How can you tell that you may have ovarian cancer? There are many symptoms. These include:
– Regular bloating and increase in abdominal size. The bloating is persistent and not something that appears occasionally.
– Regular abdominal or pelvic pain (on the tummy and under area)
– Problem with eating and/or getting full fast
– Feeling to wee with urgency and more often
Rarely ovarian cancer can have various other systems too. If you notice any changes in your normal bowel habits, it can be a sign. You my notice that lately you have started feeling too tired (extreme fatigue). If you recently noticed loss of appetite or began losing weight without any apparent reason, you should be cautious.
If you have post-menopausal bleeding, you shouldn’t take it lightly and should see a GP. That is if you notice the following symptoms:
– The bleeding occurs frequently, more than a dozen times a month.
– The bleeding is regular and doesn’t just go away.
– It is not normal and has just started recently or the last year.
When you see any such symptoms that seem to be abnormal for your body, you should go to your GP. Although, it is not always that the symptoms can mean anything serious, you should still get a checkup.
Always listen to your body and don’t be afraid about taking the first step by seeing a GP. This is important because you don’t want it to be too late in detecting the condition. You should never wait because your friends and family need you.
If you have bloated tummy, pain in the tummy, you have to wee too often, and feel full all the time, they can be symptoms of ovarian cancer.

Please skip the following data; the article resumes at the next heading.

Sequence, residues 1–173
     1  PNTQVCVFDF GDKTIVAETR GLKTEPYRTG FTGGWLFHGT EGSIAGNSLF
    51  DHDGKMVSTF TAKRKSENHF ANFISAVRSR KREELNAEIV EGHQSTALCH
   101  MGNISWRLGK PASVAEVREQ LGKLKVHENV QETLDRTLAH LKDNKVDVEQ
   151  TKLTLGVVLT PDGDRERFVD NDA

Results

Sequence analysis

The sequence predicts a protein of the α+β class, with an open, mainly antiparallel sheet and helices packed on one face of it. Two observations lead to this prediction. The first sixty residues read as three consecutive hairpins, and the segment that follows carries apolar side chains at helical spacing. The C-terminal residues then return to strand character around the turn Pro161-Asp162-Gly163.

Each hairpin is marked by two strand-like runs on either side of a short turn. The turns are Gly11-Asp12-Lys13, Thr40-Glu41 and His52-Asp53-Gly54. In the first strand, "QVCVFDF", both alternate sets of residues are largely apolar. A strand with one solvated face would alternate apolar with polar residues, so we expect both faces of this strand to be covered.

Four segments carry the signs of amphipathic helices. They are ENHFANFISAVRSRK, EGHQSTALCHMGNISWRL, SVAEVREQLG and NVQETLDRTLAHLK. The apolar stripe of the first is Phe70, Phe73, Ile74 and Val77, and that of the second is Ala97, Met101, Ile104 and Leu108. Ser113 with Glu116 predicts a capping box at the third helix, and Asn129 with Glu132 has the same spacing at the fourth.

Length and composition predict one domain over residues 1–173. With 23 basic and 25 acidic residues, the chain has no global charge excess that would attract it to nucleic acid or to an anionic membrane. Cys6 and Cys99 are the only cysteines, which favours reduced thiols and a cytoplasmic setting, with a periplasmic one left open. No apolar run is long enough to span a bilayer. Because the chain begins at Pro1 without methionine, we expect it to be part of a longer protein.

So these are the main symptoms of ovarian cancer that you should never ignore:
– Swollen tummy
– Need to wee more often
– Tummy pain
– Always feeling full
This video provides you an insight into the symptoms and how ovarian cancer affected many women’s lives:
You should maintain a diary and write down any symptoms and how abnormal you feel them to be for your body. You must also write it down when the symptoms keep worsening. Also note it down when the symptoms prevent you from your normal activity. So your diary can be used to provide details to your GP.
Tips to Discuss it with Your GP
When you meet your GP, tell him/her about the symptoms you notice frequently and were not there before. These 10 best tips will make it easier for you to understand the symptoms and discuss your situation properly with your GP.
If you have any kind of family history of ovarian or breast cancer, make sure to tell that to the GP.
There are some conditions that have symptoms which are like ovarian cancer. This includes irritable bowel syndrome or IBS. If the symptoms don’t go away, you should return to your GP. You can also get a second opinion, even after you have undergone the tests.
Source: Health Advisor Group